An international investigation into child abuse material could see a Brisbane man serve up to 15 years behind bars after he was allegedly found possessing child abuse material.
The 66-year-old Jamboree Heights man has been arrested by the Australian Federal Police, after authorities in the United States allegedly intercepted images of child abuse being uploaded to Snapchat, Google and Yahoo social media platforms.
The Australian Federal Police-led Australian Centre to Counter Child Exploitation (ACCCE) launched an investigation after receiving multiple reports from the National Centre for Missing and Exploited Children.
The matter was referred to the Brisbane Joint Anti-Child Exploitation Team (JACET) and a warrant was executed at a home in Jamboree Heights on Thursday, August 20.
JACET seized a number of items for further analysis during a search of the home, including four mobile phones, three tablets and a laptop.
The man was charged and granted police bail with strict conditions, and will face Brisbane Magistrates Court on September 4 on one count each of using a carriage service for child abuse material (access), and using a carriage service for child abuse material (transmit).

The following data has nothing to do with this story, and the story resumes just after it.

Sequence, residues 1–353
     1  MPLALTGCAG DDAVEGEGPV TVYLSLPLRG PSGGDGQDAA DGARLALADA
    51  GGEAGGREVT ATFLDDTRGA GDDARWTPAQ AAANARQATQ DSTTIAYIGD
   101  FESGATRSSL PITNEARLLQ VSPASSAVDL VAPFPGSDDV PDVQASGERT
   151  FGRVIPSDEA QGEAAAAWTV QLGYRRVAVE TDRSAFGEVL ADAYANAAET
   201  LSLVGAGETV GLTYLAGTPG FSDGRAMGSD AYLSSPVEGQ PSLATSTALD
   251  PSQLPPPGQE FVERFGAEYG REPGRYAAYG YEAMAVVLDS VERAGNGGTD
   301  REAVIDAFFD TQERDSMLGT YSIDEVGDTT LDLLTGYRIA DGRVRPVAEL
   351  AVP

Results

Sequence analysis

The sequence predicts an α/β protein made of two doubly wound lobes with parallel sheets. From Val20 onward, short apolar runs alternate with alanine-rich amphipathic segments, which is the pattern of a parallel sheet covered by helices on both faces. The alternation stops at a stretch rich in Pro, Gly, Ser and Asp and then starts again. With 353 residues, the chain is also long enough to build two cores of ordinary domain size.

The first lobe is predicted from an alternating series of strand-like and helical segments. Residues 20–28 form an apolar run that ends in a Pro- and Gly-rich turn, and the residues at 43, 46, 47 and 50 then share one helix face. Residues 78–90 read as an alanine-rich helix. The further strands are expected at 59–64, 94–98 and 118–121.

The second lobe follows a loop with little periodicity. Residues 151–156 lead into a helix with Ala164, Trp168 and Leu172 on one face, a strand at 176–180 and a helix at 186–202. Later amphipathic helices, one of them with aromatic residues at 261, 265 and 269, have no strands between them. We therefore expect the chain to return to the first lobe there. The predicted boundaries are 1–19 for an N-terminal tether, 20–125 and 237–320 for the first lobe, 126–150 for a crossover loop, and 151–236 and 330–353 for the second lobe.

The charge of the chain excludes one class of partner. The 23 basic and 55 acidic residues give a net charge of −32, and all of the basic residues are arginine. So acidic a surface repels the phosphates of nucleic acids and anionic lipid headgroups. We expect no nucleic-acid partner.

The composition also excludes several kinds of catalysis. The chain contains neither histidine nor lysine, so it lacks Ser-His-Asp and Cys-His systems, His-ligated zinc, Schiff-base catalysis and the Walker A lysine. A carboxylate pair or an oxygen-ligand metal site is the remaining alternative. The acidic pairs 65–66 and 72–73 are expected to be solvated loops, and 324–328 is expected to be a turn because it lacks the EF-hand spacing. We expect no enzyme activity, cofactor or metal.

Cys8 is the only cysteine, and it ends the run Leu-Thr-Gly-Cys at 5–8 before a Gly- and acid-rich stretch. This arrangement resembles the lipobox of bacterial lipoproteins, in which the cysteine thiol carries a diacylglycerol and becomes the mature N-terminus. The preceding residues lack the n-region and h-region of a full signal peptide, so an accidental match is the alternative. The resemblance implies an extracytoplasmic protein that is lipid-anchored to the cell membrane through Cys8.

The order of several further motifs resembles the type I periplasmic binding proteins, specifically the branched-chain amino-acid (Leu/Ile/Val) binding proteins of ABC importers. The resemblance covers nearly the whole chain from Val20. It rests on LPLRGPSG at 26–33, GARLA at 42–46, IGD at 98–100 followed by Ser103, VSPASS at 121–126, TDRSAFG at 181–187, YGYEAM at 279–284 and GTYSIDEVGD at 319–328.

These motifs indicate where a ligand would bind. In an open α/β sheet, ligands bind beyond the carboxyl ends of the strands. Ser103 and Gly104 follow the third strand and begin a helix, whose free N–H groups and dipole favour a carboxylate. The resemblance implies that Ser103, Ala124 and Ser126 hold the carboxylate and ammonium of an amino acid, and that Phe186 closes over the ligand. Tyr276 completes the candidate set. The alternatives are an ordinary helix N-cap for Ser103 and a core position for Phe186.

He has been charged with four counts of possessing or controlling child abuse material obtained or accessed using a carriage service.
AFP Child Protection Operations Detective Superintendent Paula Hudson said no child anywhere in the world should be victimised because of the “perverted desires” of some people in the community.
“The AFP works tirelessly with our international partners to keep children safe and to investigate and prosecute those who seek to do them harm,” Det Supt Hudson said.
“The AFP will never relinquish our duty to protecting children online, and this is a reminder to those who harm children – we will find you.”
Last year, the AFP‘s Australian Centre to Counter Child Exploitation (ACCCE) received almost 17,000 reports of child exploitation, around 45 cases a day.
Members of the public who have any information about people involved in child abuse and exploitation are urged to call Crime stoppers on 1800 333 000.
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